The negative connotations surrounding corn and rice in American brewing—many of which are certainly deserved—are also a relatively recent thing. Corn and rice additions in America date back to at least the 1500s, and pre-Prohibition Pilsners and other styles tended to be significantly more flavorful and highly hopped than current macro lagers. Randy Mosher indicates IBU levels around 25-40, significantly higher than current American adjunct lagers (5-14 IBUs). But between Prohibition, two World Wars, and a cost-cutting mindset that eventually led to corn and rice being used in higher and higher percentages (due in part to their relative cheapness and body/flavor lightening qualities), it became a race to the bottom.
Such were the circumstances when the American craft beer industry began.
In talking with Jeff Erway, Master Brewer at La Cumbre Brewing Co. (previously: Head Brewer at Chama River), he emphasized that the all-malt focus of early craft brewers was vital for establishing the groundwork of what craft brewing stood for in this country. “I think what’s really inspirational, as far as the American craft brewer scene goes,” Erway commented, “is that back in the 80s and 90s, there was this taboo of using anything other than malted barley, malted wheat, hops, water, and yeast to make beer. That had to do with simply trying to separate our selves from those macro lagers.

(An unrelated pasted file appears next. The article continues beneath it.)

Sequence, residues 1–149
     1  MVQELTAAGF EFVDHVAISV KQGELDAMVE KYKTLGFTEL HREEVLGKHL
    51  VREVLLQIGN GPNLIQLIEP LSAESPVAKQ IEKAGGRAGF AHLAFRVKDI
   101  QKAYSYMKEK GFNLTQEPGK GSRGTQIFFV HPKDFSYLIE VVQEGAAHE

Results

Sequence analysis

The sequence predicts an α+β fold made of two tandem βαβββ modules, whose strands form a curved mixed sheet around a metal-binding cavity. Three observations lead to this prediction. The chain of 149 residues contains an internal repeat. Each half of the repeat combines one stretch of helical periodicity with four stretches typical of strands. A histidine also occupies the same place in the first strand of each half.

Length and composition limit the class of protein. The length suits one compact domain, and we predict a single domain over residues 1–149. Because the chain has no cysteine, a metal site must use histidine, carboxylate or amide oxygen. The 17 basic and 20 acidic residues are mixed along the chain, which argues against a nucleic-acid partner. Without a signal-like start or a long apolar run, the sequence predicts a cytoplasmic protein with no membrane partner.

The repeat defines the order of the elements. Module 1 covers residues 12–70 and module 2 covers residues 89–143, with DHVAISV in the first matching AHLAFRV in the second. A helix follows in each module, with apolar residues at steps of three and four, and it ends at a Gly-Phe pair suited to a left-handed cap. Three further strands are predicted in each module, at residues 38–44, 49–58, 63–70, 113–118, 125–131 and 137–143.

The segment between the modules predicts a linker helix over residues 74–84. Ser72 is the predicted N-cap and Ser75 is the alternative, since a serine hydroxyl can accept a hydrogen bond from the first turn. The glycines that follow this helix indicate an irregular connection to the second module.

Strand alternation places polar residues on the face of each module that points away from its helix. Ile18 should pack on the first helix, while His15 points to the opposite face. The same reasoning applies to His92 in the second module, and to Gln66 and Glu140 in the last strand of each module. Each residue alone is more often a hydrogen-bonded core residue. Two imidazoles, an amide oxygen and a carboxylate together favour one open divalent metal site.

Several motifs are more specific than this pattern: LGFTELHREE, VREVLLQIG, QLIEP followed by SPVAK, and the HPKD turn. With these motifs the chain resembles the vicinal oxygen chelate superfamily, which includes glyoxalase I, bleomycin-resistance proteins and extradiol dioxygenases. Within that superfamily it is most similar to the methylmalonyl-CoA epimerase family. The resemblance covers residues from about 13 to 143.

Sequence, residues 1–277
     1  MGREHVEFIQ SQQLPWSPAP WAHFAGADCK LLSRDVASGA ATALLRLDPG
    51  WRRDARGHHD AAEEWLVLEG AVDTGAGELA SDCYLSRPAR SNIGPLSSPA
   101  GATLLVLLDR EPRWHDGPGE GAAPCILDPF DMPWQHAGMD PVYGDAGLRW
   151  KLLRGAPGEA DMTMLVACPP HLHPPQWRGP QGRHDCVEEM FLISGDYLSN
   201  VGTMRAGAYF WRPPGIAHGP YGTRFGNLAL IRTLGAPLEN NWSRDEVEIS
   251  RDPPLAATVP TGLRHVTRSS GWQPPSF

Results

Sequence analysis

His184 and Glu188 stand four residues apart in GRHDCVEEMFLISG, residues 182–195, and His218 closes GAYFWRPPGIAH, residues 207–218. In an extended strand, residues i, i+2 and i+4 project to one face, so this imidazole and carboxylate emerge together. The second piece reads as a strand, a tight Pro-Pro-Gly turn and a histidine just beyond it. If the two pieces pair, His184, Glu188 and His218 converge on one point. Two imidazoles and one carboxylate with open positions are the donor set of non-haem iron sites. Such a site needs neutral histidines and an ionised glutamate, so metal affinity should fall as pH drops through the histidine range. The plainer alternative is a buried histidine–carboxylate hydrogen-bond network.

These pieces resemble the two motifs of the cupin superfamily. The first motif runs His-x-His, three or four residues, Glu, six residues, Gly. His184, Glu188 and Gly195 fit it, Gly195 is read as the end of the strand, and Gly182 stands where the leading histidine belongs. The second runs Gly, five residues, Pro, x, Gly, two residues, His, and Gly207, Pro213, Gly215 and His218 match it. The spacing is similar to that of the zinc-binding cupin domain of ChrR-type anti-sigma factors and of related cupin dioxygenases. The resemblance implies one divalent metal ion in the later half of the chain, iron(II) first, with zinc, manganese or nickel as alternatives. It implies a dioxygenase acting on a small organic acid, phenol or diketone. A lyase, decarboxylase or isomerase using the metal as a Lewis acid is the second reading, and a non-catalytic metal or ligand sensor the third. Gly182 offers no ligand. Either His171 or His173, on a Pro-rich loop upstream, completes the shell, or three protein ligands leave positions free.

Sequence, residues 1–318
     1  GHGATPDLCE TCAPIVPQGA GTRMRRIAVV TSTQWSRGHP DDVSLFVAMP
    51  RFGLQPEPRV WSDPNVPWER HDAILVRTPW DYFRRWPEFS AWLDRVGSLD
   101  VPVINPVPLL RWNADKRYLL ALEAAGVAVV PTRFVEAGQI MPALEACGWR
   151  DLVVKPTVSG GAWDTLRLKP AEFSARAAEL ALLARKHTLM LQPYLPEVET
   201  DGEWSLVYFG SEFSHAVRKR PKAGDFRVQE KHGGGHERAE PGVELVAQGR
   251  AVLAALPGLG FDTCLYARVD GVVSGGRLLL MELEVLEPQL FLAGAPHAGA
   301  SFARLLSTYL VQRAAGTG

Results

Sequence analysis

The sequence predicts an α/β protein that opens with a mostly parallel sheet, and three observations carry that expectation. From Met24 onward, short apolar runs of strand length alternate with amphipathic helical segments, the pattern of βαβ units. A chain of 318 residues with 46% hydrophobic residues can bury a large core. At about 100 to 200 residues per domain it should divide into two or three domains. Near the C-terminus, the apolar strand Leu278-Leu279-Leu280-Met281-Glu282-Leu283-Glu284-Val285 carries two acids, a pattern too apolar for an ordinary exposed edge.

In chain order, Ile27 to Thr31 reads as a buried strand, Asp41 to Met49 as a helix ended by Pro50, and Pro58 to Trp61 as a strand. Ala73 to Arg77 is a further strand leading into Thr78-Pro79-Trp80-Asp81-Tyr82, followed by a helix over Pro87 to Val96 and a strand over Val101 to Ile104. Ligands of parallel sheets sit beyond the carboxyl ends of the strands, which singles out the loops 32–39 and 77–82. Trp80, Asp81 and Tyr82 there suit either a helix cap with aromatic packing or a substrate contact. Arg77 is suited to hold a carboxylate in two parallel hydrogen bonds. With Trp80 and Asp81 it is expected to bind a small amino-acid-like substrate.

I think it was important that Samuel Adams and Sierra Nevada, the big guys that came out in the 80s, said ‘Well, we don’t use that garbage.’ And that’s what it is, it’s garbage, the stuff that they’re using. They’re not just using corn and rice; they’re using the cheapest corn and rice they can possibly get.”
They’re also using them in consistently huge amounts: up to 50 percent of the recipe.
Corn, rice, and related ingredients serve a functional role in the brewing process. They lighten the body of a beer compared to an all-malt recipe, and are crucial ingredients for adjusting mouthfeel and body in certain traditional styles. Corn additions are commonly utilized in everything from cream ales to English bitters to Flanders red ales (which often include 20 percent corn grits). Wayne Wambles, Head Brewer at Cigar City, uses 5 percent flaked corn in his popular Guava Grove saison. He and others have commented that one of the reasons that certain Belgian-style renditions in the States often diverge from their predecessors is due to being all-malt interpretations, which won’t produce the same overall body and dryness as using a highly fermentable adjunct such as sugar, corn, or rice. “That’s one of my ideas as far as how I’m using flaked corn in this particular product,” Wambles said, “trying to encourage attenuation, lighten the body, slightly increase alcohol a little bit. And there’s no corn perceived in the flavor profile or the aroma.
“Craft brewers commercially, homebrewers, craft beer drinkers have been fed over a period of time that putting corn in your beer is bad and putting rice in your beer is bad, and that’s just simply not true.” The Brewers Association’s definition of an American craft brewer actually acknowledges this distinction, and considers adjunct usage “traditional” so long as they are used to “enhance rather than lighten flavor.” If a bit vague, this idea of “enhancing flavor” is also key to understanding why craft brewers use adjuncts.